Do you have a Legal Question?

Regardless of your legal situation, we are here to help you. Our entire legal team has the expertise and knowledge to answer your questions and support you every step of the way.

Contact us to find out how we can help resolve your legal issues.

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Frequently Asked Questions

  • 1. What is the cost of a consultation?

    There is no cost for our initial consultations. Our legal team will listen to your situation and discuss your options with no obligation.
  • What type of cases do you take?

    Our law office specializes in immigration law, criminal defense, and civil litigation.

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  • Where are you located?

    We have offices in two different locations to serve the entire Rio Grande Valley. Our

    main office is located in 207 North 15 Street in Mcallen, Texas and our Brownsville

    office is located on 914 East Van Buren Street. You can call us at 956-278-0888 for

    more information.

  • What are your office hours?

    Our offices are open Monday through Friday from 9 a.m. – 5 p.m.
  • Do you offer payment plans?

    We understand that legal problems can be expensive and can catch you off guard.

    We offer many flexible payment options for our clients. Your initial consultation is

    always free of charge and obligation.

  • What can I do if my Visa is cancelled at the port of entry?

    If you encounter a Customs and Border Patrol Officer at a United States Port of Entry that wishes to cancel your Visa, you have the right to have your case heard by an immigration judge. Request a hearing with an immigration judge so that your rights are protected. The officer should give you a date for a hearing with an immigration judge.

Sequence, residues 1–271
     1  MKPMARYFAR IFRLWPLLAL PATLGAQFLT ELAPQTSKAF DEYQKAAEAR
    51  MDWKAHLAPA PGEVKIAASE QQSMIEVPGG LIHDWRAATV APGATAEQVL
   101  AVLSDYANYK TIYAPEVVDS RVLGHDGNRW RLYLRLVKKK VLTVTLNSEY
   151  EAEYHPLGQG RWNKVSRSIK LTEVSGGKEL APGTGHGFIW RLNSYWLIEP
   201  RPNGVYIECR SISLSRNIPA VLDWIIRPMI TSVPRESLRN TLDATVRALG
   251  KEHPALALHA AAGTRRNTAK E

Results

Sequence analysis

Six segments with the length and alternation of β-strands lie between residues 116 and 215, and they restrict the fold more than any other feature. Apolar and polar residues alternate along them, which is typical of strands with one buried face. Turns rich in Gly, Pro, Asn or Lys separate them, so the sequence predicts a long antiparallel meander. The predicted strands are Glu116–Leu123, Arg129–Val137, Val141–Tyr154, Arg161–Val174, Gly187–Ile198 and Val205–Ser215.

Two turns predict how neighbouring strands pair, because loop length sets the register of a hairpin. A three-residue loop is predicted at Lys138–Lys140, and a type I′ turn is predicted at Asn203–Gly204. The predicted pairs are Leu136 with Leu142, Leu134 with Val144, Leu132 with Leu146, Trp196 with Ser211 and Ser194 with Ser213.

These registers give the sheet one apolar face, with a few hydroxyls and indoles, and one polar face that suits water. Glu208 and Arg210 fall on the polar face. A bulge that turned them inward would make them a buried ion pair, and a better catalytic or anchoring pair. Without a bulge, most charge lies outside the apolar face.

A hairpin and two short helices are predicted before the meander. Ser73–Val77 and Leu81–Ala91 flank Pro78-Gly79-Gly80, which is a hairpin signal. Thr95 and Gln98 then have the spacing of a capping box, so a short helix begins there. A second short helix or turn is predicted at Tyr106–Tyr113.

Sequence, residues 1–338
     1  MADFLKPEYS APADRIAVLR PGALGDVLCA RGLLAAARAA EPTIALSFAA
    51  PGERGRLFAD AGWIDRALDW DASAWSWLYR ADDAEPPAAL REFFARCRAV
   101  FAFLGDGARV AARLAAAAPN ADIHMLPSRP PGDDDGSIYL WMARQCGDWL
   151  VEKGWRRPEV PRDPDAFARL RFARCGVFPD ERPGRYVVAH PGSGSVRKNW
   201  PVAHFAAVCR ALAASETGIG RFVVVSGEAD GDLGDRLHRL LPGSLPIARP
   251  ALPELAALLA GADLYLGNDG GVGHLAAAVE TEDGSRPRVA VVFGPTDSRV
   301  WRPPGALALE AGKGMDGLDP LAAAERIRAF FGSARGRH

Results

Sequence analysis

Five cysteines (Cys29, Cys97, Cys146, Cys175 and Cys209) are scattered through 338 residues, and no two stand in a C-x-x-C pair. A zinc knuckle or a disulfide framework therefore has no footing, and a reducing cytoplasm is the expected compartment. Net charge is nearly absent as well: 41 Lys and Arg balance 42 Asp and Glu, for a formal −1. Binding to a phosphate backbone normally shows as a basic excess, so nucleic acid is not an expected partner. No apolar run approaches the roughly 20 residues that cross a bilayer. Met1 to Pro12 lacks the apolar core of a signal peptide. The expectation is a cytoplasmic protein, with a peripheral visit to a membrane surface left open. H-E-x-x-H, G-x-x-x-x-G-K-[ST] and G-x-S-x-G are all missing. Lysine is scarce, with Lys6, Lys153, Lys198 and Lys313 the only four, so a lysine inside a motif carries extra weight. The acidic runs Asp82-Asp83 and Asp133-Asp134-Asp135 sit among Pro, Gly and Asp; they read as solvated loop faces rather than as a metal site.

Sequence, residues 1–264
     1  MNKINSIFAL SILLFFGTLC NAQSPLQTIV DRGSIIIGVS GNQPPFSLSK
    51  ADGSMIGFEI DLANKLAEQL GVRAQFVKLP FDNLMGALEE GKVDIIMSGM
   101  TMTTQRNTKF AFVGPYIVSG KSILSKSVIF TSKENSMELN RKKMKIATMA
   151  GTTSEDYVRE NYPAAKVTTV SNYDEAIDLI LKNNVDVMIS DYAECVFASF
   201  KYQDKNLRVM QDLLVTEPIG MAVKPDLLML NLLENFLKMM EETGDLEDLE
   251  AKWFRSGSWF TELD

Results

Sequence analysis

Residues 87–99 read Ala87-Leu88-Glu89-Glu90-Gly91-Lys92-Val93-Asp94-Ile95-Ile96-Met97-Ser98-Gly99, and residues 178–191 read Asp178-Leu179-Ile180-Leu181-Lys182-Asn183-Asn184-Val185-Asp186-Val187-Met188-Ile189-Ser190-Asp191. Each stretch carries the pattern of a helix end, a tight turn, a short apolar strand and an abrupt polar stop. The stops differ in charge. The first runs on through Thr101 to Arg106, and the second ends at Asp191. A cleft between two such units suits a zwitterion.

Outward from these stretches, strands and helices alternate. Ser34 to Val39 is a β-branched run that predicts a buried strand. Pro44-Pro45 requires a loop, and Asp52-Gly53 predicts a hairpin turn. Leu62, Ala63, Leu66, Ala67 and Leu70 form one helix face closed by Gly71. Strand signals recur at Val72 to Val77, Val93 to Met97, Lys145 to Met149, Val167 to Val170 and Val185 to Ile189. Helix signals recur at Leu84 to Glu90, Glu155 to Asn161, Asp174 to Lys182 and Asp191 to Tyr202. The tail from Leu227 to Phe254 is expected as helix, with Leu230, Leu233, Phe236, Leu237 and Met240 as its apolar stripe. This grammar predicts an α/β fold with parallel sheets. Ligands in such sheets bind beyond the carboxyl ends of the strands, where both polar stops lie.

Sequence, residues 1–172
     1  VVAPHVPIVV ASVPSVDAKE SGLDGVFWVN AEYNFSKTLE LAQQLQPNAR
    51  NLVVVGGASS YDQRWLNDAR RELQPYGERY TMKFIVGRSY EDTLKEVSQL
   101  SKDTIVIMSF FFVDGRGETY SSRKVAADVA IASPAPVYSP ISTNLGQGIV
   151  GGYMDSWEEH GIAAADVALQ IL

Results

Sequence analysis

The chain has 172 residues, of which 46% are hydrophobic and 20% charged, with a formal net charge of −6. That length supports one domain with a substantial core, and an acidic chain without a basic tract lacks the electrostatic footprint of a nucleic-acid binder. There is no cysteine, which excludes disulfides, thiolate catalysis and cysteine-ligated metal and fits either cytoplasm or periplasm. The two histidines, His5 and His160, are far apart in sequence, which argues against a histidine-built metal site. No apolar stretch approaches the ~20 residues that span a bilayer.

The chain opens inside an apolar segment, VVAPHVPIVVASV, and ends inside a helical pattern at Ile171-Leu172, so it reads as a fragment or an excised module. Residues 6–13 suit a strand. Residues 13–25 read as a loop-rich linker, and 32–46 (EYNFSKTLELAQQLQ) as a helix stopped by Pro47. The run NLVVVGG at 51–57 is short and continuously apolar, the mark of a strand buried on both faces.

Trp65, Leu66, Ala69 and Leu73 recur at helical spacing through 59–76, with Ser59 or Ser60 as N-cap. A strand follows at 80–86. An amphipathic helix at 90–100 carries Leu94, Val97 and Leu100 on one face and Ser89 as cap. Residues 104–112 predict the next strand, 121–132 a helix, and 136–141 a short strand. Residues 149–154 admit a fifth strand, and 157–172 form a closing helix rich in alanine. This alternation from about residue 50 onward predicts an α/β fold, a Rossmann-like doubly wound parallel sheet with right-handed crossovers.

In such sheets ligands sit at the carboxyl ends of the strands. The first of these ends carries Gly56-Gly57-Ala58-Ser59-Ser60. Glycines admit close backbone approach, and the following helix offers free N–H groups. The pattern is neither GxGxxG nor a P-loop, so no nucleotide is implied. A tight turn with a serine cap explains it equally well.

• 7. How can a family members petition for me?

    Current immigration laws allow U.S. Citizens and Residents to petition for certain family members. The following is a list of family members that U.S. Citizens and

    Residents can petition for:

    U.S. Citizens can petition for:

    a. Spouses

    b. Children under the age of 21

    c. Unmarried sons or daughters over the age of 21

    d. Married sons or daughters

    e. Parents

    f. Brothers and sisters

    U.S. Residents can petition for:

    a. Spouses

    b. Children under the age of 21

    c. Unmarried sons or daughters over the age of 21

    A U.S. Citizen or Resident family member can petition for the above-mentioned

    family members by filing Immigration Form I-130, Petition for Alien Relative. Each

    family member mentioned above belongs to a different kind of category and

    depending on the category the family member belongs to, they may have to wait

    until a Visa becomes available to them. For example, a spouse of a U.S. Citizen is

    considered an immediate relative and will have a Visa available immediately,

    meaning they can apply for their Residency immediately upon approval of Form I-